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Alan Zweibel

Zweibel delivers a charming and candid look at his career journey as a comedy writer. He describes the
experience of writing for some of television’s most beloved comedies—from “Saturday Night Live” to
“Curb Your Enthusiasm”—and discusses how his career success has transcended television to film, theater, and literature. In a separate program, Zweibel talks about tapping into the healing power of laughter, a cause he discovered in his very relatable story about helping his close friend and colleague, Gilda Radner, during her struggle after she was diagnosed with ovarian cancer, as well as his own coping after the loss of a loved one.

An original Saturday Night Live writer, Alan has won multiple Emmy and Writers Guild awards for his work in television, which also includes It’s Garry Shandling’s Show (which he co-created and produced), The Late Show With David Letterman and Curb Your Enthusiasm.

A frequent guest on all of the late night talk shows, Alan’s theatrical contributions include his collaboration with Billy Crystal on the Tony Award winning play 700 Sundays, Martin Short’s Broadway hit Fame Becomes Me, and six off-Broadway plays including Bunny Bunny – Gilda Radner: A Sort of Romantic Comedy, which he adapted from his best-selling book.

All told, Alan has written eleven books including the 2006 Thurber Prize winning novel The Other
, the popular children’s book Our Tree Named Steve, the novel Lunatics that he co-wrote with Dave Barry, a parody of the Haggadah titled For This We Left Egypt? that he wrote with Barry and Adam Mansbach.

Alan’s humor has also appeared in such diverse publications as The New Yorker, Esquire, The Atlantic, The New York Times Op-Ed page, The Huffington Post and MAD Magazine. He has also penned a best selling e-book titled From My Bottom Drawer.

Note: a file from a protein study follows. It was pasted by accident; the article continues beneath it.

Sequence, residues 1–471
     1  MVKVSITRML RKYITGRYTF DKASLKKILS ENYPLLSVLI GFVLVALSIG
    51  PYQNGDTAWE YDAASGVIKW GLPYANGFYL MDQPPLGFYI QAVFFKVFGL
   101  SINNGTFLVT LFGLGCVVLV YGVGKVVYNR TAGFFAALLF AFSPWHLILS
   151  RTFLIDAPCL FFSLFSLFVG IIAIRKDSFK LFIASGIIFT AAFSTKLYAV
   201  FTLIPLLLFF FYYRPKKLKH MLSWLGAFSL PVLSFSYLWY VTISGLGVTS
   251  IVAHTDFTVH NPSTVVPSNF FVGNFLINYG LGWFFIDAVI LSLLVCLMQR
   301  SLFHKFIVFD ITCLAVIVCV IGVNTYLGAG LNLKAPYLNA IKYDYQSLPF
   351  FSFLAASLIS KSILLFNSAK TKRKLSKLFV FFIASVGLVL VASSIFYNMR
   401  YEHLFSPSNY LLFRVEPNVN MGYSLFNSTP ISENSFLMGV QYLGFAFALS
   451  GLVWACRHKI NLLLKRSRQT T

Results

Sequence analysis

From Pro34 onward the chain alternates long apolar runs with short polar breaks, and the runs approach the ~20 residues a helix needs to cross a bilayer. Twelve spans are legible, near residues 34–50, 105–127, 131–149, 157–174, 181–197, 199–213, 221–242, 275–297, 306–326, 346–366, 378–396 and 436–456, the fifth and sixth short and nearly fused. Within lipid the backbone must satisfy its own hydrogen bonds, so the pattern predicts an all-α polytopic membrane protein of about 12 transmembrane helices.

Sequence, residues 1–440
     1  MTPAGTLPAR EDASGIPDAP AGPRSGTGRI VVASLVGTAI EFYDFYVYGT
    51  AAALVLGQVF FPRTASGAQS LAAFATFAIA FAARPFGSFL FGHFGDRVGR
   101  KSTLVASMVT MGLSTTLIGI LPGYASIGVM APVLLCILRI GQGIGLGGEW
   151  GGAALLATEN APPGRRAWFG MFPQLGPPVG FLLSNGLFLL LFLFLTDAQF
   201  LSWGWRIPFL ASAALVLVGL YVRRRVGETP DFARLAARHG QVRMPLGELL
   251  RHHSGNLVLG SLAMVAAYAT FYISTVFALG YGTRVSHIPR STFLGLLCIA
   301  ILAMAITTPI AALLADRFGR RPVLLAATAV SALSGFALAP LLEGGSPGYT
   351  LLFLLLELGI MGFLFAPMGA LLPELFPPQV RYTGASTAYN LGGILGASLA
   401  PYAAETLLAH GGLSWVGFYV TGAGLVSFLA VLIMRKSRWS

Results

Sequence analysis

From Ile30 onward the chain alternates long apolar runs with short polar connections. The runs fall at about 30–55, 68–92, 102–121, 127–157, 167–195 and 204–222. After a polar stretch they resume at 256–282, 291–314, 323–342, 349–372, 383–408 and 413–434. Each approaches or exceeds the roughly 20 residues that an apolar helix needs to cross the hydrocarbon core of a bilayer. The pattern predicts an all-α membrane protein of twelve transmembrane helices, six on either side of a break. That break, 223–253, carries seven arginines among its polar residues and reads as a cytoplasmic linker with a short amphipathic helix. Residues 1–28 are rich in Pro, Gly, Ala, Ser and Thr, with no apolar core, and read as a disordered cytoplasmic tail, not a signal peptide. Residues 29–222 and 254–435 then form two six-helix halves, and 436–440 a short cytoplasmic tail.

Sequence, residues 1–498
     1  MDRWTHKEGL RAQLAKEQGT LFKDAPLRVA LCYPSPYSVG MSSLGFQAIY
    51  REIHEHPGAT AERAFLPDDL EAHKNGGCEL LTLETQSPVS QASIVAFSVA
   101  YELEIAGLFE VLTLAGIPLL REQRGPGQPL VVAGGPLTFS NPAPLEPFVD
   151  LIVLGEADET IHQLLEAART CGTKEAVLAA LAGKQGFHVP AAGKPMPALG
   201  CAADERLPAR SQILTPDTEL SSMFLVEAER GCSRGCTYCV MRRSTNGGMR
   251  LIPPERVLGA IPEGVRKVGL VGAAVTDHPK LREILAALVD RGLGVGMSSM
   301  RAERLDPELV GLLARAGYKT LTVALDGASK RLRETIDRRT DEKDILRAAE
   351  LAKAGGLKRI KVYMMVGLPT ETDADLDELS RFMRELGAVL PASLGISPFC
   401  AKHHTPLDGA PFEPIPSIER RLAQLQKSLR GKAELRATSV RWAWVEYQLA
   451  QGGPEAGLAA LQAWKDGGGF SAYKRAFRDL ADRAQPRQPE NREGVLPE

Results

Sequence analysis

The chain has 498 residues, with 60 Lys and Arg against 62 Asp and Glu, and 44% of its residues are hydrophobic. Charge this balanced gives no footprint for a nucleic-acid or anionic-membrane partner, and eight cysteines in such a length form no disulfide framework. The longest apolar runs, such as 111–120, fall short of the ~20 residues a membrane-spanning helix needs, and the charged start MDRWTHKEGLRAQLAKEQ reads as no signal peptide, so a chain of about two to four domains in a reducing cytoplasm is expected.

As the co-writer of the screenplays for Dragnet, North, and The Story of Us, Alan has received an honorary PhD. from the State University of New York and, because of the diversity of his body of work, the Writers Guild of America East gave him a Lifetime Achievement Award in 2010.

In addition to the talk shows, Alan’s also appeared in episodes of Curb Your Enthusiasm and Law & Order. He can be seen in the documentary The Last Laugh about humor and the Holocaust, Judd Apatow’s The Zen Diaries of Garry Shandling on HBO, Gilbert about the life of Gilbert Gottfried, as well as the Emmy-nominated CNN documentary he executive produced with his wife Robin titled Love, Gilda.

Alan is currently preparing Bunny Bunny to return to the New York stage. His cultural memoir
entitled Laugh Lines – 40 Years Trying To Make Funny People Funnier will be published by Abrams Books in April 2020, which is following the success of his most recent book co-written with Dave Barry and Adam Mansbach called A Field Guide to the Jewish People. A movie he co-wrote with Billy Crystal titled Here Today is currently in production starring Billy Crystal and Tiffany Haddish. @alanzweibel